The single-incision technique also offers surgeons much-improved control over the instrumentation, according to Dr. Kenney.
“I have better visualization and precision when I perform these procedures,” he states. “I feel that it leads to safer surgeries and improved outcomes for the patients, like less blood loss, less pain, fewer complications and faster recovery time.”
Where’s the scar?
Clara Parry, a patient of Dr. Kenney’s, says she was pleased to have the option of single-site surgery. Parry, who ended up in the emergency room during a recent gall bladder attack, was examined by Dr. Kenney and offered the choice of a four-incision removal or a single incision.
“The single incision just sounded like the right way to go. One incision versus four seems more logical,” she says. “And the recovery was really not bad at all.”
Parry underwent the procedure on a Thursday. By the following Monday, she was already getting out of the house to do errands.
“I’d never had surgery before. But this was not at all what I was expecting. I woke up in the recovery room and asked if it was over!” she recalls. “I was a little uncomfortable, but I didn’t have any nausea and needed very little pain medication. I was able to shower right away and it felt good to get up and walk.”
Parry and Kenney agree that the single incision has an additional benefit.
“Belly buttons hide scars wonderfully!” Dr. Kenney says.
“There’s just a small scar,” adds Parry. “You’d have to really be looking for it to see it.”
About Single-Port Laparoscopy
Single-port laparoscopy (SPL), or single-incision laparoscopic surgery, is a minimally invasive surgical procedure in which the surgeon operates almost exclusively through a single entry point, typically the patient’s navel. Unlike a traditional multi-port laparoscopic approach, SPL leaves only a single scar.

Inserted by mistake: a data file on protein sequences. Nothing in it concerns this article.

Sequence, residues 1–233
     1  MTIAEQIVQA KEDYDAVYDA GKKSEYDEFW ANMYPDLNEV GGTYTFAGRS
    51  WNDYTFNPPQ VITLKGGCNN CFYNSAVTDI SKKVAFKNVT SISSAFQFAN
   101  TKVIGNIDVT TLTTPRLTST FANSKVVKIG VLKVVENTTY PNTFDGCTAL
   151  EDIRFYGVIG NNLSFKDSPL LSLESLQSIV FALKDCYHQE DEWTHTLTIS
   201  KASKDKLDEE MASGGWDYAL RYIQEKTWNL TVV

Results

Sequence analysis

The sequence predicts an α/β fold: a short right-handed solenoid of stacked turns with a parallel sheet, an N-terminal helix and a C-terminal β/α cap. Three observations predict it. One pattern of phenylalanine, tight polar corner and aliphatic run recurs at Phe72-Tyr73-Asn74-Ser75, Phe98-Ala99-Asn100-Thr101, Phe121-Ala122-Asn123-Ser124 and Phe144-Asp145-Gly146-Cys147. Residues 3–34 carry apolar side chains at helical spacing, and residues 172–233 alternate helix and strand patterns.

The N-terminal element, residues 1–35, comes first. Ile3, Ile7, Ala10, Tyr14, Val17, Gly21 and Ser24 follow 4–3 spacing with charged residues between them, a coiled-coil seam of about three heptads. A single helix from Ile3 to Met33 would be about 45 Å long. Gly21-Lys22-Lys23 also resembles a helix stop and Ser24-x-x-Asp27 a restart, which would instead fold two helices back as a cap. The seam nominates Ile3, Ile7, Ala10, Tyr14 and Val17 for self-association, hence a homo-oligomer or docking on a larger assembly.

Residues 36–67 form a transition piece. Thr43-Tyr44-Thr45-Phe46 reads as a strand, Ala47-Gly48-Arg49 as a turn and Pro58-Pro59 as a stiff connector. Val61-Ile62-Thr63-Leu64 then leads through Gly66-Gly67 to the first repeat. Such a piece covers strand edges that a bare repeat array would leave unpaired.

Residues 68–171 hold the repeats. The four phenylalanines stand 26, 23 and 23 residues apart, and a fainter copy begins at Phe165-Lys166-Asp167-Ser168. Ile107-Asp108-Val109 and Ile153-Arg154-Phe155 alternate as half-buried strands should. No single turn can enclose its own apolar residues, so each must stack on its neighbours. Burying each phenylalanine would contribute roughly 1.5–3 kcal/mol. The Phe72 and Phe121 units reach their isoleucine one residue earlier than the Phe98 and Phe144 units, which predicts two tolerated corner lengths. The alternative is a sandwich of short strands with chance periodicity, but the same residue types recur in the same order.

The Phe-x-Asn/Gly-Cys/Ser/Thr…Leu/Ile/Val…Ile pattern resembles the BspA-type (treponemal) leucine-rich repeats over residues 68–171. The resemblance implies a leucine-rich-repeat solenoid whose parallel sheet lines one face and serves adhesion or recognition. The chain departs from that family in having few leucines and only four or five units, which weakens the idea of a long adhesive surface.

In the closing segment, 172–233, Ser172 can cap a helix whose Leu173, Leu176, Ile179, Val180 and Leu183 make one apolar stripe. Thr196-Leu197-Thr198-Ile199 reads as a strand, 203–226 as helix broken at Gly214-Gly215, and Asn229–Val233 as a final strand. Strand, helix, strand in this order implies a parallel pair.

SPL has been used to perform many types of surgery, including:
• adjustable gastric banding
• hernia repair
• sleeve gastrectomy
Benefits include less postoperative pain, less blood loss, faster recovery time and better cosmetic results.
However, there may also be complications from SPL, such as significant postoperative pain, injury to organs, bleeding, infection, incisional hernia, intestinal adhesions and scarring.
The Whole Team
The da Vinci Si System is an integration of advanced technologies, including:
Firefly™ Fluorescence Imaging. The Firefly Fluorescence Imaging Vision System enables surgeons to use a special video camera and glowing dye to view blood flowing in vessels, and tissue or bile moving through ducts during minimally invasive surgical procedures. It is intended to provide real-time endoscopic visible and near-infrared fluorescence imaging. Firefly enables minimally invasive surgery using standard endoscopic visible light as well as visual assessment of vessels, blood flow and related tissue perfusion, and at least one of the major extrahepatic bile ducts (cystic duct, common bile duct and common hepatic duct), using near infrared imaging.
Single-Site®. Single-Site’s transumbilical entry enables a virtually scarless surgery. Instruments and camera cross within the Single-Site port and use remote center technology to avoid cannula collisions, arm interferences and port-site movement. Single-Site is commercially available for laparoscopic cholecystectomy, hysterectomy and salpingo-oophorectomy for benign conditions only.
Skills Simulator™. Skills Simulator’s built-in metrics enable users to assess skills, receive real-time feedback and track progress. Administrative tools let users structure their own curriculum to fit with other learning activities in their institution. The open architecture of the system software allows for the future development and incorporation of additional practice modules.
Advanced Instrumentation. The Si System enables mechanical function of advanced instruments including EndoWrist One Vessel Sealer and EndoWrist Stapler 45.